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Journal Article

X-chromosome dosage as a modulator of pluripotency, signalling and differentiation?


Schulz,  Edda G.
Regulatory Networks in Stem Cells (Edda G. Schulz), Independent Junior Research Groups (OWL), Max Planck Institute for Molecular Genetics, Max Planck Society;

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Schulz, E. G. (2017). X-chromosome dosage as a modulator of pluripotency, signalling and differentiation? Philosophical Transactions of the Royal Society of London, Series B: Biological Sciences, 372(1733): pii: 20160366. doi:10.1098/rstb.2016.0366.

Cite as: https://hdl.handle.net/21.11116/0000-0000-74B6-0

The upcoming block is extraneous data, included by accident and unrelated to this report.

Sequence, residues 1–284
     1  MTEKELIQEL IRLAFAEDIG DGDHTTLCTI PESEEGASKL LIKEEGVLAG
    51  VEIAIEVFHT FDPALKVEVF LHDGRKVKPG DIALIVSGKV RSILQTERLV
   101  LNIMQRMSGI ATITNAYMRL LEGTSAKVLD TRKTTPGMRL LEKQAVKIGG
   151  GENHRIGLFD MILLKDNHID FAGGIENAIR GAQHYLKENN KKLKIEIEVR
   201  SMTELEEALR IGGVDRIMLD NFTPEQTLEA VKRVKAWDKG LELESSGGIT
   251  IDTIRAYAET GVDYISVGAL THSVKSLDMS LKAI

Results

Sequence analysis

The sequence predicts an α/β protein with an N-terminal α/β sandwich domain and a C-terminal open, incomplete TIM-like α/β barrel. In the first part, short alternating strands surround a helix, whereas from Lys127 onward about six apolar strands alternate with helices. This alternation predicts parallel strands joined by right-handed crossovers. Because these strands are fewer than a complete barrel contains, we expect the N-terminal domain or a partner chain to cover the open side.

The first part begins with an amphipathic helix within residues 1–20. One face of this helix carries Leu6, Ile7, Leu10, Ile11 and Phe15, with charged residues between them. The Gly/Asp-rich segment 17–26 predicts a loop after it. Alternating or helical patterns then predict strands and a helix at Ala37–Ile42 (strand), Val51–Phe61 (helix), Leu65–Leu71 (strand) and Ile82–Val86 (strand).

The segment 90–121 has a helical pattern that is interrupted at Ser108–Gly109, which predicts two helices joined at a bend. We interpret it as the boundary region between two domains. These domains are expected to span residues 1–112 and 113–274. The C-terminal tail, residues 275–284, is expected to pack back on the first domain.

Already during early embryogenesis, before sex-specific hormone production is initiated, sex differences in embryonic development have been observed in several mammalian species. Typically, female embryos develop more slowly than their male siblings. A similar phenotype has recently been described in differentiating murine embryonic stem cells, where a double dose of the X-chromosome halts differentiation until dosage-compensation has been achieved through X-chromosome inactivation. On the molecular level, several processes associated with early differentiation of embryonic stem cells have been found to be affected by X-chromosome dosage, such as the transcriptional state of the pluripotency network, the activity pattern of several signal transduction pathways and global levels of DNA-methylation. This review provides an overview of the sex differences described in embryonic stem cells from mice and discusses a series of X-linked genes that are associated with pluripotency, signalling and differentiation and their potential involvement in mediating the observed X-dosage-dependent effects.This article is part of the themed issue 'X-chromosome inactivation: a tribute to Mary Lyon'.